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By Staff · July 7, 2017
Screenplay by: Wes Anderson, Owen Wilson
Breakdown by: Megan Tambio
Wes Anderson’s seminal Rushmore centers around a high end, all boys academy and its number 1 fan/ student Max Fischer (Jason Schwartzman). Max befriends a depressed Rushmore parent Mr. Blume (Bill Murray) and falls for new Rushmore teacher Miss Cross (Olivia Williams). But Max’s life is turned upside down as Blume and Cross fall for each other and his future at his beloved school becomes uncertain.
Even to the laymen, Wes Anderson has a very distinct tone as a film maker. While sometimes getting flack for being overly hipster, there’s a precision and balance to his work: the slightly absurd speechifying against the rich of the decidedly well- off Mr. Blume at a student chapel and the even more comical seriousness with which Anderson and our protagonist Max Fischer takes it.
Visuals are also a big part of Rushmore’s comedy, and the script manages to communicate some of that blink- and- you’ll- miss- it visual language. From the first lines of dialogue we get a good sense of the more serious themes that will be driving the plot despite the quirky tone.
Rushmore is largely about the relationship between 3 main characters: Max, Mr. Blume and Miss Cross
From his first appearance, Max immediately stands out as a peculiarly devoted student of Rushmore Academy. The beginning description makes him seem cool and coifed, but the punchline/ reality of it is that he is really “extremely skinny and pale”- i.e. a normal kid. His larger than life posturing and obsessive extracurricular involvement at Rushmore works to show this duality: his genuine love of the school, and his fear of ever having to leave it. It’s easy to see why Max instantly falls for Miss Cross.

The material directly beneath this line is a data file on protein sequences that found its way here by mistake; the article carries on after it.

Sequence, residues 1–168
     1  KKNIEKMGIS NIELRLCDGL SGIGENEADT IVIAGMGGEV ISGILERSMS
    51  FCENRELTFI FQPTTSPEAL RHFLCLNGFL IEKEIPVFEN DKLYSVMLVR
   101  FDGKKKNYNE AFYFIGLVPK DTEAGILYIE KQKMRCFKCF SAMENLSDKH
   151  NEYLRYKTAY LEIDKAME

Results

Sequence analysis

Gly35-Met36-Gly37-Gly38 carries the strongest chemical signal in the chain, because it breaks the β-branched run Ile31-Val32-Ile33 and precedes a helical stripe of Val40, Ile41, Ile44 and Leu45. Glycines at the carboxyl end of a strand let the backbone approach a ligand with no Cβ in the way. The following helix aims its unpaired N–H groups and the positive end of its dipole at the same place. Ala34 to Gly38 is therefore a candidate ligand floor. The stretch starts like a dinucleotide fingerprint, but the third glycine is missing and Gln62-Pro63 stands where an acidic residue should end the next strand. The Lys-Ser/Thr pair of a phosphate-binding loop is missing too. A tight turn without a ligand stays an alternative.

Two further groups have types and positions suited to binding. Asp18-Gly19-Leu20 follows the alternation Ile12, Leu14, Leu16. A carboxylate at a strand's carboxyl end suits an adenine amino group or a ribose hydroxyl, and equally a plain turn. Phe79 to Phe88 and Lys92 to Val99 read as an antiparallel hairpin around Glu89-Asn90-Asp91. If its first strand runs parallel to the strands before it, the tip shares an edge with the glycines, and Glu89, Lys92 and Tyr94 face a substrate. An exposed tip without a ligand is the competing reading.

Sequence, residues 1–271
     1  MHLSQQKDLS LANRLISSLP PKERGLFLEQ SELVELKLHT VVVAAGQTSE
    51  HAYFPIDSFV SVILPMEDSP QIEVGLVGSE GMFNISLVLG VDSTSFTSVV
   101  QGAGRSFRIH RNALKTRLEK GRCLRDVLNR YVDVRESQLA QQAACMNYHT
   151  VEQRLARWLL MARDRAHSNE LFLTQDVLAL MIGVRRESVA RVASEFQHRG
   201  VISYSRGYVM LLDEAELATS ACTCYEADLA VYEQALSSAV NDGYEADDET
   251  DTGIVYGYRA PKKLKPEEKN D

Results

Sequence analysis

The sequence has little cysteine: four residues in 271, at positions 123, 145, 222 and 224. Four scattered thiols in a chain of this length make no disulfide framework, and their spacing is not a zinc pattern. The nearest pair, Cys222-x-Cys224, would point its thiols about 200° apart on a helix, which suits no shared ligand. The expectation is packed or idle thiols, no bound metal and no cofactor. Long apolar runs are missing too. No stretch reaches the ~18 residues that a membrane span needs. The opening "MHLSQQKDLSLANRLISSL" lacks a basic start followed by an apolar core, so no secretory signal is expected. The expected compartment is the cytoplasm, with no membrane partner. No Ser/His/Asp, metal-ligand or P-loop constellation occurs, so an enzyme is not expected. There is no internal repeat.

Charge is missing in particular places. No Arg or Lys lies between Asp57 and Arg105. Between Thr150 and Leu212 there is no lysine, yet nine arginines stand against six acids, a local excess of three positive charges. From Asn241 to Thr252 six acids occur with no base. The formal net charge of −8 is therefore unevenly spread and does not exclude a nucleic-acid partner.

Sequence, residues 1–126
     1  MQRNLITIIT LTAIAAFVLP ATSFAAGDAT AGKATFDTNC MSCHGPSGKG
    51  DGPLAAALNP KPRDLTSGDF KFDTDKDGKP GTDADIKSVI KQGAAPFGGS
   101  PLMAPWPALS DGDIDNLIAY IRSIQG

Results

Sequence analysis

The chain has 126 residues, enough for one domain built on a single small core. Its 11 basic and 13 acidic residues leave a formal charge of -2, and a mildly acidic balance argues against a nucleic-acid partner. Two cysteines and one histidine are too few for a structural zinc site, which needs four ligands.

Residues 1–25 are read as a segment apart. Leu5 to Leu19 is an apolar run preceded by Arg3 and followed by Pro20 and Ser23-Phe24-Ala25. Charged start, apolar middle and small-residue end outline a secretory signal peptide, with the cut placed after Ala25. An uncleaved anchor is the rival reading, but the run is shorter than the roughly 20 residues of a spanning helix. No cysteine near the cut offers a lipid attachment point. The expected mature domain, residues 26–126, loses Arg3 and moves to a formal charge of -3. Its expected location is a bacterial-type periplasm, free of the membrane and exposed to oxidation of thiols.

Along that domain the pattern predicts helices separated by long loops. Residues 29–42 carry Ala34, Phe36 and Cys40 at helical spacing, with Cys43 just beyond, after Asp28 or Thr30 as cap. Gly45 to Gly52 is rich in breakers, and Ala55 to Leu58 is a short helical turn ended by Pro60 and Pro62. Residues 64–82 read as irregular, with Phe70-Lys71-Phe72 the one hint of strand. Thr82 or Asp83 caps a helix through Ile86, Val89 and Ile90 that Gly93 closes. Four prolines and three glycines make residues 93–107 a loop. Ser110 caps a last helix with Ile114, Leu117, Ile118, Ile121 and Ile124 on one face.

Anderson and Wilson make an interesting choice in making Cross’ first ‘appearance’ through something she wrote. Max immediately is immediately struck by her insight before he has any idea who she is. Despite the significant difference in age and maturity, Cross and Max are cut from the same cloth- both love Rushmore and the world of learning it represents.
This makes Max’s friendship and Miss Cross’ eventual romance with Mr. Blume all the more remarkable. Max and Cross’ dynamic is juxtaposed to show how Mr. Blume- a self- loathing, un- academic alcoholic- is an outsider by comparison.
As Mr. Blume says, Rushmore is simply the best. It is vastly different than most others’ school days. It’s a private, all boys school with a bee keeping club, fencing, and Kung- Fu- and Max Fischer is the head of nearly all of it.
For all of Max’s talent and intellect, his insecurity is simple: who is he without Rushmore?
Later in the actual film, after a bitter rivalry is formed between Max and Mr. Blume, Mr. Blume sadly tells Max that Miss Cross is his “Rushmore”.
Max, Mr. Blume, and even Miss Cross have baggage they’re clinging to. Rushmore is an almost fantastical place filled with opportunity, but it’s also a crutch for Max that he has to learn to live without.
Rushmore is, first and foremost, a character study. Within the first 10 pages, Wilson and Anderson clearly set up Max Fischer- his passion, his intellect, even the insecurity lurking underneath that befall all adolescents. We only get a peek at Mr. Blume and Miss Cross, but we know how these 2 adults figure into Max’s life will play a big part of Rushmore.